Cover: Fostering Innovation to Respond to Top Challenges in Law Enforcement

Fostering Innovation to Respond to Top Challenges in Law Enforcement

Proceedings of the National Institute of Justice's 2018 Chiefs' Panel on Priority Law Enforcement Issues and Needs

Published Jul 22, 2019

by John S. Hollywood, Sean E. Goodison, Dulani Woods, Michael J. D. Vermeer, Brian A. Jackson

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Research Questions

  1. What issues and challenges does law enforcement face?
  2. What are the high-priority needs associated with law enforcement?

On August 28 and 29, 2018, the Priority Criminal Justice Needs Initiative hosted a capstone workshop attended by a group of the nation's top law enforcement executives. The purpose of the workshop was to identify and characterize top issues facing law enforcement today, including both challenges and opportunities, as well as needs for innovation that, if addressed, might help resolve these issues. The panel discussed how law enforcement is faced with serious challenges that often do not have ready solutions available through short-term science and technology development. That said, panel members reported feeling that the challenges were tractable, but addressing these challenges will take concerted and collective effort across the criminal justice community, including stakeholders from local communities, social service providers, vendors, and researchers. Such efforts should consider substantial and systemic improvements to public safety and criminal justice: The panel suggested a potential national commission to revamp criminal justice in the United States.

Key Findings

The proliferation of video evidence from all sources is causing major policy and resource challenges for law enforcement

  • Systems should be developed to accelerate the review of video evidence.

Today's policing environment is endangering officers' health, wellness, and performance

  • Best practices should be identified for physical, mental, and emotional support opportunities for law enforcement officers, families, and agencies.
  • Early warning systems should be developed that can help agencies and officers get ahead of potential problems.
  • Research should be conducted to identify sources of stress and their likely impacts on officer health and wellness.

Better strategies, tactics, and tools are needed to improve community relations and public trust

  • Research is needed on public-sentiment monitoring tools and on how appropriate law enforcement interventions can be used to improve police-community relations.
  • Research is needed on realistic interaction skills that reflect how most law enforcement scenarios evolve.

There is insufficient information on the types of skills that officers of the future should have

  • Research is needed to identify skills, abilities, and experiences that are useful in today's policing environment.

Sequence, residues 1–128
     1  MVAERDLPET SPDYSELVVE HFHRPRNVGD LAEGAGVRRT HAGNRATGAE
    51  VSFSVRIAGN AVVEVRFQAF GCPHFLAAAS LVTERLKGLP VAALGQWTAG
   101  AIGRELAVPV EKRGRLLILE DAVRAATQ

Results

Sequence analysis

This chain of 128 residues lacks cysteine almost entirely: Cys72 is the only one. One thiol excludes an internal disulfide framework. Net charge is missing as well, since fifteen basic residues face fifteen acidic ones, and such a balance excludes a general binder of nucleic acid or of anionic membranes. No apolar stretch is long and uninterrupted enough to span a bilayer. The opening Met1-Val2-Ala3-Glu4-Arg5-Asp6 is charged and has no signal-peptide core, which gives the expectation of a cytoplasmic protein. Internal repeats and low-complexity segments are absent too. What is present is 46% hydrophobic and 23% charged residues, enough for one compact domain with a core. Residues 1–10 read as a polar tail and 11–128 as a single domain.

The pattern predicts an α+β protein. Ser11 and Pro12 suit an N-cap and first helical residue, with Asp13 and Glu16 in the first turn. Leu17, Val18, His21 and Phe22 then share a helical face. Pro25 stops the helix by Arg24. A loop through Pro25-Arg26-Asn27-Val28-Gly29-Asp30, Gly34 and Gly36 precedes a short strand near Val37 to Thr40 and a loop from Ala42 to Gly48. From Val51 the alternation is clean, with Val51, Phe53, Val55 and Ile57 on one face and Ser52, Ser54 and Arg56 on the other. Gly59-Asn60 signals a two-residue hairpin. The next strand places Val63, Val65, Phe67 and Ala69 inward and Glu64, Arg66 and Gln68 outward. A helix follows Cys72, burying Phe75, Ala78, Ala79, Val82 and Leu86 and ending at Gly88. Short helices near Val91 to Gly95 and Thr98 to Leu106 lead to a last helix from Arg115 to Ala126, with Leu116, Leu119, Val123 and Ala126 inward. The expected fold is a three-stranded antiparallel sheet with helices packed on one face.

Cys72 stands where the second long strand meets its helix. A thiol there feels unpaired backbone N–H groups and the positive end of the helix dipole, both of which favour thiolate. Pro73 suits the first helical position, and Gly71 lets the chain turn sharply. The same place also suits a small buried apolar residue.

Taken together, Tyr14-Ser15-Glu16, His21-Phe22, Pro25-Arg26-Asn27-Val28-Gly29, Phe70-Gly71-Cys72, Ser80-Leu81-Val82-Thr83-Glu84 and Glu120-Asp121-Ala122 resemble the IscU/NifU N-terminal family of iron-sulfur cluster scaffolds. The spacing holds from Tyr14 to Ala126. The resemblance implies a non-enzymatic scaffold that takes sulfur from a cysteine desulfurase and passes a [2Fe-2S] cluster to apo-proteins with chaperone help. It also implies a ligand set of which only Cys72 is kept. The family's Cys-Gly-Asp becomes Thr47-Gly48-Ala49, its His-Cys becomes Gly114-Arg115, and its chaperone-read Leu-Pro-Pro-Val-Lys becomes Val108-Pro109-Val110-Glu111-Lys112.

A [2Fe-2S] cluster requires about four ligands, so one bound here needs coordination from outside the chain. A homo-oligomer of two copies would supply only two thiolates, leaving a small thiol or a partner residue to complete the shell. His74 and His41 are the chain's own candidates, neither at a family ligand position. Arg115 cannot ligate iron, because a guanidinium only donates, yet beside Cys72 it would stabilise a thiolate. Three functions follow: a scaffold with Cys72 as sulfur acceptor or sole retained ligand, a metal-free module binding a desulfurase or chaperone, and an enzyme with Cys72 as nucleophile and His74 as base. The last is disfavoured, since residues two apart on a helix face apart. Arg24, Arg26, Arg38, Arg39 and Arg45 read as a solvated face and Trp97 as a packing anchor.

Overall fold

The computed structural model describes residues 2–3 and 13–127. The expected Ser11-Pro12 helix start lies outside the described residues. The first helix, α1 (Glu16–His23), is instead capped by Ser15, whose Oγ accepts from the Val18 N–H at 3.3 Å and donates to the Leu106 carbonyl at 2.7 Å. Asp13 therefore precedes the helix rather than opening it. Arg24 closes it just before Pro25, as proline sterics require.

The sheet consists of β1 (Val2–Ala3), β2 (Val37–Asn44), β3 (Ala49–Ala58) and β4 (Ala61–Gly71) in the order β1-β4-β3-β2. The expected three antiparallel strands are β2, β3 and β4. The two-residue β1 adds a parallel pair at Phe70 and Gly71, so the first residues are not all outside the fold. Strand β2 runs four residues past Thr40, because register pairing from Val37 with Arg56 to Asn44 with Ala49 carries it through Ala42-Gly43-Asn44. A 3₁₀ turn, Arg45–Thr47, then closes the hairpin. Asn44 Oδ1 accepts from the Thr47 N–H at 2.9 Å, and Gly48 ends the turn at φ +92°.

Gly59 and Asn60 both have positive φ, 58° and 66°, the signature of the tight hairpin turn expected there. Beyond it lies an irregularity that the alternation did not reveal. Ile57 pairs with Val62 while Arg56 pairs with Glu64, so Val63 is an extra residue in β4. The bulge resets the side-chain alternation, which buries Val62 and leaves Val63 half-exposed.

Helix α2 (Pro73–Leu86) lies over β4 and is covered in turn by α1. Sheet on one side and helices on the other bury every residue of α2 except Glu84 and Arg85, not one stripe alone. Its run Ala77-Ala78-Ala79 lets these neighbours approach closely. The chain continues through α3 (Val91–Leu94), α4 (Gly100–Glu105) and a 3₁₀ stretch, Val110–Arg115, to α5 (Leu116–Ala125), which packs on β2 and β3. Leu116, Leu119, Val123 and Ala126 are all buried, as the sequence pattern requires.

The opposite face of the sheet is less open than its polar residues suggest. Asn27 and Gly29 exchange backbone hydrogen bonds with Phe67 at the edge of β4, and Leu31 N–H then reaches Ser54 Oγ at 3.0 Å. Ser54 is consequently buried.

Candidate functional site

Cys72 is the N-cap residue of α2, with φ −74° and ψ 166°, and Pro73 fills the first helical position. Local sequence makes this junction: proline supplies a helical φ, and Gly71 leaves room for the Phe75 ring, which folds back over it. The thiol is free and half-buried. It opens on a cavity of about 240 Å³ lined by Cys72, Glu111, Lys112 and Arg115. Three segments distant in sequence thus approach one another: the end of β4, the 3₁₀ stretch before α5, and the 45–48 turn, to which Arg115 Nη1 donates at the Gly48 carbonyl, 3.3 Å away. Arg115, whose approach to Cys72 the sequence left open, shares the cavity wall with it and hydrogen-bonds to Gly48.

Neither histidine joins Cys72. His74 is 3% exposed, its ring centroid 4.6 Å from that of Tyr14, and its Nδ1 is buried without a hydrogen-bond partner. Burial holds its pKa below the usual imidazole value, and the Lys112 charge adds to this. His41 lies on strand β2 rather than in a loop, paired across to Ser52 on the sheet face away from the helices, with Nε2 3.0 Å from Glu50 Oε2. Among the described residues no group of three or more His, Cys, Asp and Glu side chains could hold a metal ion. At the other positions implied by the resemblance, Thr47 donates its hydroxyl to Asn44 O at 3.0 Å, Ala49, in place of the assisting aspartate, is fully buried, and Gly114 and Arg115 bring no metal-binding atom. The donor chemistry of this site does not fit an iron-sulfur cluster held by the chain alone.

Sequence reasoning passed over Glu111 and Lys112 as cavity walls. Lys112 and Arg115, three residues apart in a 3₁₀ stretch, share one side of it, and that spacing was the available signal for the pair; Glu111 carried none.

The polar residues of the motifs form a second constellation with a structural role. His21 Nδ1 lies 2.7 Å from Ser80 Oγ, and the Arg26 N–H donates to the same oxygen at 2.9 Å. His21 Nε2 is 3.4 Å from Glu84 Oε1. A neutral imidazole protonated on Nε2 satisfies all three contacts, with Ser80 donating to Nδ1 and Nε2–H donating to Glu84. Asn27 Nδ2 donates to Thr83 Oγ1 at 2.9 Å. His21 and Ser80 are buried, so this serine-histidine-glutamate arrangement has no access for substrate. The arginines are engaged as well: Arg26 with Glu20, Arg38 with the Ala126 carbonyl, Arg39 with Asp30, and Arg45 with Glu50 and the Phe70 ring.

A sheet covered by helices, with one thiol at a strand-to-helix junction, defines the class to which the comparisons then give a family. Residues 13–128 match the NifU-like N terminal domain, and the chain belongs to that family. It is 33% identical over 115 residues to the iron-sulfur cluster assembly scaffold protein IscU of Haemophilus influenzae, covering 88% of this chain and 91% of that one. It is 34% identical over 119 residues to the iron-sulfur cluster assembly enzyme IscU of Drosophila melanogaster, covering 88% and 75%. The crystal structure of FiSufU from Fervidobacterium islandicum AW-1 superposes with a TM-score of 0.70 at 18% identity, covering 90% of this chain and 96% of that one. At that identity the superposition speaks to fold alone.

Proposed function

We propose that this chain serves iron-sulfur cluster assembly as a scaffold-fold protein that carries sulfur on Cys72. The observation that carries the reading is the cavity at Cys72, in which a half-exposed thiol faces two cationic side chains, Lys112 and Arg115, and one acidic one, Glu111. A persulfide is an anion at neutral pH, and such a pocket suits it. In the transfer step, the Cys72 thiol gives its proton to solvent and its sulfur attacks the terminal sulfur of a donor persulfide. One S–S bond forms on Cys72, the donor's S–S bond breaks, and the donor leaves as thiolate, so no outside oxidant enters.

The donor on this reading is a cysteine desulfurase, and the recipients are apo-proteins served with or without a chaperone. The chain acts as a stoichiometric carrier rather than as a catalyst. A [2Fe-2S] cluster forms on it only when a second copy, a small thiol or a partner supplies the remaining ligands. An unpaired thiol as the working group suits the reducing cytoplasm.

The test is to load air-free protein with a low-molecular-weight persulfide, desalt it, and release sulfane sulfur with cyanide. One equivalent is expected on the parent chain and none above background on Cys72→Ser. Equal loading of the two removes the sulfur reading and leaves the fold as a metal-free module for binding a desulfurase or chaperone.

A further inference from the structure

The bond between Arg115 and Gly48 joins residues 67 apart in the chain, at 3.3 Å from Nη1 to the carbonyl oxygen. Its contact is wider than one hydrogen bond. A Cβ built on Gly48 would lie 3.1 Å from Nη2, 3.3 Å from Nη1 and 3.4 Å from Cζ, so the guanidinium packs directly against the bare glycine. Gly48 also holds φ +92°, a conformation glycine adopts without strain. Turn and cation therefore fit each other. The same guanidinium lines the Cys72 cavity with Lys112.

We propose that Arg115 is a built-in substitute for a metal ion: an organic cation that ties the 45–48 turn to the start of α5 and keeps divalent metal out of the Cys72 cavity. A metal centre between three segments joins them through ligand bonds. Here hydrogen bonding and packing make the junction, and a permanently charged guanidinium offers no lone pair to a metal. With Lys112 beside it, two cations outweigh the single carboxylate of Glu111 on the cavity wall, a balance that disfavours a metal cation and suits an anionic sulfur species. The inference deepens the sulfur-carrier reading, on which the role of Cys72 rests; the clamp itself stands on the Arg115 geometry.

Officers need help to address an ever-increasing flood of information

  • An inventory of law enforcement information analysis tools should be developed.


  • All solutions developed need to be flexible and agile. The commercial technology industry will move much faster than government acquisition, meaning that solutions will need to adapt to leverage actual technological progress. Panel members noted that solutions also need to be scalable at different levels and uses — what works for a big metropolitan agency may not work for a small agency. Finally, they noted that agility is not just for hardware; policies and procedures need to be flexible and adaptable to meet the needs of disparate agencies as well.
  • Solutions will need to be accepted by both officers in the field and larger communities if they are to be used successfully. In some cases, especially successful solutions may bring unanticipated benefits: One panelist noted that seat belts are probably the most important safety innovation to date for both police operations and the public.
  • Panelists noted that some of the most pressing challenges, such as staffing and development issues, public-private relationship issues, and vendors having too much control over police technology directions, did not have ready short-term solutions. However, they felt that these problems could be addressed through collective effort by the full criminal justice community, which includes community members, agency service providers, and the private sector, as well as law enforcement, courts, and corrections. Some panelists noted that the presence of so many major, complex problems reinforced a need for a National Commission on Criminal Justice, which would be capable of considering systemic improvements to policing on a national level.

Research conducted by

The research described in this report was prepared for the National Institute of Justice (NIJ) and conducted by the Justice Policy Program within RAND Social and Economic Well-Being.

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